Thursday, July 31, 2008

Mahayana Buddhism

Colorful Mahayana symbolism
- (text edited for clarity)

Nagarjuna image from Madhyamaka

The Mahayana ("Great vehicle"), or Northern branch, is one of the two major divisions of Buddhism. The other is Theravada ("Teaching of the Elders"), which is also referred to derogatorily as Hinayana, "Small vehicle."

Mahayana Buddhism is based on sophisticated metaphysical speculations regarding the nature of Reality (shunyata), or Enlightenment (sambodhi, prajna), and of the Buddha (Trikaya).

Soteriologically, the main idea is of not escaping into a quiescent nirvana. Rather, once having achieved enlightenment, one returns as a Bodhisattva to the world for the sake of other beings.

Mayahana, therefore, emphasizes that the duty of enlightenment is to work compassionately to relieve the suffering of others (upaya or "skillful means") and argues that all sentient creatures will ultimately achieve Buddhahood.

Mahayana Buddhism spread northeast from India into China (1st century A.D.), and from there into Tibet and Korea, and from Korea into Japan.

By convention, Mahayana is divided into two philosophical schools, both of which had a strong influence on the various Mahayana Buddhist sects, but also the Advaita Vedanta of Gaudapada and Shankara as well.

The first is the anti-metaphysical Madhyamika or Dialectic school, which emphasizes the negation of all possible phenomenal reality through a kind of logical reducto-ad-absurdum in order to arrive at the ineffable absolute or Void (shunyata) that is the only Reality.

The second Mahayanist school is the Vijnanavada or "Consciousness-[only] doctrine" which uses the experience of meditation in order to prove that all reality is ultimately Consciousness (hence the alternative names of Yogachara, "Yoga doctrine," and Chittamatra, "mind-only").

Unlike the Madhyamikas, they developed a number of metaphysical and occult conceptions, including an emanationist ontology quite similar to that of Samkhya, though psychologically rather than cosmologically oriented.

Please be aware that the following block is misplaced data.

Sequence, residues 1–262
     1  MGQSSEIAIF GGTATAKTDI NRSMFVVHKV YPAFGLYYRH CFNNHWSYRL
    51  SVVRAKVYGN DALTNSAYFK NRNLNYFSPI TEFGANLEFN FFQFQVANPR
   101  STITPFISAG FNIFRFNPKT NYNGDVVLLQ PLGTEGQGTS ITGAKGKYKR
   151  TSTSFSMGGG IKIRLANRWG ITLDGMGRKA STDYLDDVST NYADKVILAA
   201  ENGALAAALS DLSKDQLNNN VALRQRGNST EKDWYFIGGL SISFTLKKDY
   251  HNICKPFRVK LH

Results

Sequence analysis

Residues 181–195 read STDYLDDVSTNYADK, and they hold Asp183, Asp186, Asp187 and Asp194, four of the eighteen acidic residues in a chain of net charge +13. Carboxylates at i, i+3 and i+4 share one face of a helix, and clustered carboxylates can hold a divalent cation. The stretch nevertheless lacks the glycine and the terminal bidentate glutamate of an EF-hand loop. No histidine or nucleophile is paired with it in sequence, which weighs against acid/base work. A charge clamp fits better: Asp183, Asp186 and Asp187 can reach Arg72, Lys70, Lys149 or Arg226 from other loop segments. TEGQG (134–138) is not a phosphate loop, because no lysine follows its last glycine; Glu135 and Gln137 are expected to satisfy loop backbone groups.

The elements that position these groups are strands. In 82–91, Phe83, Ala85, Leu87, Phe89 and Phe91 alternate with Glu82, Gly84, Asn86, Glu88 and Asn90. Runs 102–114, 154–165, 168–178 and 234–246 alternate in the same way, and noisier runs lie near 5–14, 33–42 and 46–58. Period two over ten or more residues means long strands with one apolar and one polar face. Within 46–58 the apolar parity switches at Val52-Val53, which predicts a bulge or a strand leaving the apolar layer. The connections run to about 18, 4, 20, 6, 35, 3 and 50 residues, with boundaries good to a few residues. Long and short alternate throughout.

Buddhist advertisements Bodhidharma or Buddhist graffiti? The temples around Seoul hang posters. They advertise temple events and other programs. This is an older poster, on a signpost with plenty of other adverts under it.

The Bodhisattva Ideal
At the heart of Mahayana Buddhism is the noble "Bodhisattva Ideal":
However innumerable sentient beings are,
I vow to save them. However inexhaustible the defilements are,
I vow to extinguish them. However immeasurable the dharmas are,
I vow to master them. However incomparable enlightenment is,
I vow to attain it.
The Bodhisattva Vow (in Andrew Harvey's The Essential Mystics, Harper: San Francisco, 1996, p.75)

A bodhisattva is a being who searches for the attainment of Buddhahood for the benefit of all sentient beings. This conception, central to Mahayana school, developed from the original idea of one who defers the "ultimate goal" of nirvana (extinction) in order to return to the world of suffering again and again for the sake of sentient beings.

Master Shantideva (695-743 AD) was a great proponent of the Bodhisattva Ideal and the Middle Way of Buddhism [Buddhist Artwork - mirror (Australia)]

The Bodhisattva and Reincarnation
By Evgueni Tortchinov

Within the Tibetan Buddhist tradition, which is also a Mahayana school, two types of reincarnation must be differentiated: the usual one (the interpretation of which has the doctrine of Karma as its foundation), an interpretation of which does not differ much from that of the Theravadins, and the doctrine of Sprul-sku (read tool-koo, Sanskrit: nirmanakaya, "a magically produced body, or magically transformed body). This is the ability of the bodhisattvas and other "saints" (arya pudgala) to create by the force of mind special "artificial" bodies to reveal themselves to the Samsaric world by their will for the benefit of other living beings.

Thus, the Dalai-lama is [are] a sprul-sku of the Bodhisattva Avalokiteshvara, the Panchen-lama a sprul-sku of the Buddha Amitabha, Bogdo-gegen (of Mongolia) a sprul-sku of the saint Taranatha, and so on. Only such special incarnations can be realized on the levels of mind, speech, and body.

Moreover each bodhisattva, by his/her supernatural powers, can produce unlimited numbers of such "magical bodies" to be incarnated in several persons. (Such as was seen in the collision in Bertolucci's movie "Little Buddha"). In common parlance such incarnations are called "incarnated lamas," or even "living buddhas."

But ordinary beings move through the Wheel of Cyclic Existence [Samsara] by the force of their karma, which holds together their "santana," the individualized continuity of psycho-physical experience.


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